Father Aloysius Schmitt saved 12 men during Pearl Harbor attack
Reverend Aloysius Schmitt, a 1932 graduate of Loras (then known as Columbia College), and a chaplain in the U.S. Navy. Family was posthumously awarded the Silver Star at Loras College on December 7, 2017. Fr. Schmitt’s nephews and niece received the award from Chief of Chaplains of the U.S. Navy Rear Admiral Margaret Kibben
“Father Al lived and died honoring the Loras motto: pro deo et patria (For God and country),” Jim Collins (’84), president of Loras College, said. “We are all very proud of his heroic and faithful life. The recognition is long overdue but it doesn’t diminish his everlasting interminable legacy.”
Pentagon representatives, Rear Admiral Kibben and Captain Daniel Mode, chaplain and division director of plans and operations for the Chief of Chaplains Office, presented the medal, the U.S. military’s third-highest personal decoration for valor in combat. Schmitt previously received the U.S. Navy and Marine Corps medal and the Purple Heart for his actions during the attack on Pearl Harbor on Dec. 7, 1941. The Navy later commissioned a ship in his name; Christ the King Chapel, built between 1946 and 1947 on the Loras campus was also dedicated to him.
Seventy-five years after his death, the body of Schmitt was laid to rest in the Chapel in October 2016. Schmitt was born and baptized at St. Luke Parish, in St. Lucas, and grew up on the family farm. He did his undergraduate studies at Loras College and then went on to Rome to continue his study for the priesthood. He served as an associate pastor at St. Mary Church in Dubuque and entered the U.S. Navy Chaplain Corps in 1939. He was assigned to USS Oklahoma in 1940.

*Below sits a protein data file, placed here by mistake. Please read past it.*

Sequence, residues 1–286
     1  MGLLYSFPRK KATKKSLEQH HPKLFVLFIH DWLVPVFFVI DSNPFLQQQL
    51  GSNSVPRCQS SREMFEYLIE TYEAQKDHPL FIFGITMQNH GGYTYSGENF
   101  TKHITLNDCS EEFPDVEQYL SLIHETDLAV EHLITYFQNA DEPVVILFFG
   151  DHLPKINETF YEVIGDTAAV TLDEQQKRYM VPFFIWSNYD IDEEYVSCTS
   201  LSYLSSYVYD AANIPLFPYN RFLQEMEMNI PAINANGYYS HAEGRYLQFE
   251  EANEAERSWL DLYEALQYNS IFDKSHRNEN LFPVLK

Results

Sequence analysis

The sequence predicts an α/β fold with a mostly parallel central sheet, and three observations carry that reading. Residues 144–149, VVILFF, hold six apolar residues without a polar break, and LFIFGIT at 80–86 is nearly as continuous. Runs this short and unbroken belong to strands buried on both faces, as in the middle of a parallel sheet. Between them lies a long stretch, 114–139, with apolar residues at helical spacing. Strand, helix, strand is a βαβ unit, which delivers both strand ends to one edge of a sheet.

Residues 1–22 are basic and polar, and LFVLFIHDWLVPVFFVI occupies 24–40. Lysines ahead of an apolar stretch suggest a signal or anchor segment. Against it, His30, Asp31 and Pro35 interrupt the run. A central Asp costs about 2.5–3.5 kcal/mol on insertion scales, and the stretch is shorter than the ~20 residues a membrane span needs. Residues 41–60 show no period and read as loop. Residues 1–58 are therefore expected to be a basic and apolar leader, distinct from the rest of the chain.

Schmitt was 32 years old when Japan launched a surprise attack against the American naval base Pearl Harbor. On Sunday morning, Dec. 7, 1941, Schmitt was hearing confessions on board Oklahoma when four torpedoes slammed into the ship. The lower decks quickly filled with water trapping sailors in the ship. Survivors said as it capsized, Schmitt refused to escape choosing instead to help push 12 men through a porthole to safety before he died.
His chalice, prayer book, military medals, and other personal belongings recovered from the ship’s wreckage are on display in the entrance of the Chapel. His “Liturgy of the Hours” book (breviary) is still marked with a ribbon for the next day, Dec. 8 prayers, six years to the day of his ordination, Dec. 8, 1935. His body had been buried as an unknown soldier at the National Memorial Cemetery of the Pacific in Honolulu, Hawaii. More than a century later, technological advances allowed authorities to identify his body and the remains of 388 unknowns of the Oklahoma’s crew so they could be sent home for final burial.